Carlos Martinez, State Plant Health Director, USDA APHIS PPQ
Tuesday, March 16, 2004
Phytophthera ramorum, the causative organism in Sudden Oak Death, was found and confirmed in Monrovia Nursery in Azusa, California (Los Angeles county) on Monday, March 8, 2004 from samples collected as part of the PPQ National Survey. California Department of Food and Agriculture plant pathology laboratory confirmed Phytophthora ramorum, causal organism for sudden oak death (SOD)., In addition, presumptive positives have also been found in 12 other nurseries in southern California. The nurseries are located in Los Angeles, San Diego, and Orange counties. Testing to confirm the presence of Phytophthera ramorum in these additional nurseries should be completed during the week of March 16, 2004. It must be stressed that as of today only one nursery has cultured positive for SODS. However, there is a 90% chance that the others will also culture positive.
The confirmed positive nursery is one of the nurseries owned by Monrovia Nurseries in Los Angeles County. That nursery is a 500 acre facility that specializes in Camellias. Approximately 40 acres of the nursery are planted with Camellias. We are working with California Department of Food and Agriculture which quarantined the nursery on March 9, 2004.
The presence of P. ramorum was unexpected because this nursery is not in the regulated area, nor susceptible to spread because it was not near any source of known infection. The nursery is situated in a dry climate, whereas previous detections of the organism have been confined to areas with a wet environment. The disease appears to be present in this nursery in at least two different species; camellia and viburnum.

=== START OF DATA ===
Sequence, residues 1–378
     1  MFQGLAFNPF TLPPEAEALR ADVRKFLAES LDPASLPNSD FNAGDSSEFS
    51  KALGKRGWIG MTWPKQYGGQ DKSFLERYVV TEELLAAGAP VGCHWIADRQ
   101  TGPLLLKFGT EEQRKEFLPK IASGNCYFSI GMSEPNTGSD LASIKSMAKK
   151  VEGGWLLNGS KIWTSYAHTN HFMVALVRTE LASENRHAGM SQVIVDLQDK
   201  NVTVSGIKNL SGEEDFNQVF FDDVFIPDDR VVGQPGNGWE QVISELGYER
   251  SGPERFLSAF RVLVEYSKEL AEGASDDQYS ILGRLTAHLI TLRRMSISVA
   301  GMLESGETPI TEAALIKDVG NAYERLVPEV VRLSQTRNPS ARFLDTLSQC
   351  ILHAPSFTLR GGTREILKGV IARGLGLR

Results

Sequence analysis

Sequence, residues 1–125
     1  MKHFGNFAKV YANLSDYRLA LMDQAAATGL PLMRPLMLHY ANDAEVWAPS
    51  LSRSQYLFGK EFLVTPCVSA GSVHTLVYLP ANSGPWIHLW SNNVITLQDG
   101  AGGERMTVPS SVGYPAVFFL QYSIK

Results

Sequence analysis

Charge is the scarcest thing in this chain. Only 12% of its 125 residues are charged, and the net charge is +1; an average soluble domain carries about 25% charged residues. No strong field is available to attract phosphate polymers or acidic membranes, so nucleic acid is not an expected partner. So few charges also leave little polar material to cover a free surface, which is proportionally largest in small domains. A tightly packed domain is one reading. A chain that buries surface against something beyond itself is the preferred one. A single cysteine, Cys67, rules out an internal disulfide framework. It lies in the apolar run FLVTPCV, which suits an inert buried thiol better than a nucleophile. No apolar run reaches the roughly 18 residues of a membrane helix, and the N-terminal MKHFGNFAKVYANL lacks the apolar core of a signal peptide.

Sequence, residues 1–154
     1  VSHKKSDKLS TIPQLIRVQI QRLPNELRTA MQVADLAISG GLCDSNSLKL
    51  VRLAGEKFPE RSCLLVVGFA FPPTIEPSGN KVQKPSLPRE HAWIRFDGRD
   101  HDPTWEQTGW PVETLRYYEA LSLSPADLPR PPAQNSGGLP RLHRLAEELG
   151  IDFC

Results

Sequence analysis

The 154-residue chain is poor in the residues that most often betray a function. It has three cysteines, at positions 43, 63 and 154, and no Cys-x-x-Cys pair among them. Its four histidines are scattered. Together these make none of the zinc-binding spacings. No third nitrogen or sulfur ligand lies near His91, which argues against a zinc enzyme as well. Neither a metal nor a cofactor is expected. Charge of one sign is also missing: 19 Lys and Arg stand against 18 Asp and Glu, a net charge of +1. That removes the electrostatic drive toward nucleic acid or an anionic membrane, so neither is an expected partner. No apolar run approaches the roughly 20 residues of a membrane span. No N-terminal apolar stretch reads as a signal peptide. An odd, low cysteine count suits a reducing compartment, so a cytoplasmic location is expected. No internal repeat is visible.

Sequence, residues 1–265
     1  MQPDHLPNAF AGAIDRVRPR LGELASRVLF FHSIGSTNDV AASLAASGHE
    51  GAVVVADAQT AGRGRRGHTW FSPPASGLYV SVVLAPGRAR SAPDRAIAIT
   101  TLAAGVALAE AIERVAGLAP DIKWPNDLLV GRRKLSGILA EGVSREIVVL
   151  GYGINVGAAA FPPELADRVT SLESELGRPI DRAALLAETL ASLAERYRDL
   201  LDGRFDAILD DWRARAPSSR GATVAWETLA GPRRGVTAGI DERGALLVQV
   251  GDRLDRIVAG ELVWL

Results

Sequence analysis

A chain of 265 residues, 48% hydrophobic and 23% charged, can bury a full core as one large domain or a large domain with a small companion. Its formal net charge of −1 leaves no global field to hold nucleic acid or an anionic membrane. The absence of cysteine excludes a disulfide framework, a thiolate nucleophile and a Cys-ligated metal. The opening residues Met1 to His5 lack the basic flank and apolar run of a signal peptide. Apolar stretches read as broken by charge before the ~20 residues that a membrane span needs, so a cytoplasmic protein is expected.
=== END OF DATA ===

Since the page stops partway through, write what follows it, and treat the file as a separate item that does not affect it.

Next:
There are no regulatory treatments that are efficacious for treating plants against this disease. Based on technical information provided by PPQ, Center for Plant Health, Science and Technology, the disease can be mitigated in a nursery environment through the application of fungicidal sprays, but there is no control once nursery stock are placed into the environment.
This discovery is significant because the disease has been found in an area that is atypical for predicting the establishment of P. ramorum; it has been found in a large nursery that ships stock throughout the U.S.; and trace forwards will be extensive and challenge current resources.
Approximately 28,000 suspect plants from Monrovia Nursery in Azusa, CA have been shipped to nurseries in Georgia. Georgia Department of Agriculture and USDA, Plant Protection and Quarantine personnel are in the process of visiting these nurseries. During the visits inspectors will place holds on any suspect material, inspect the plants for any sign of disease, and collect information from the nursery owner. Any samples collected will be submitted to CES Pathologist Jean Woodward for testing. Anyone needing additional information is encouraged to contact Mike Evans, GDA (404- 656- 9379) or Carlos Martinez, PPQ (770-922-9894).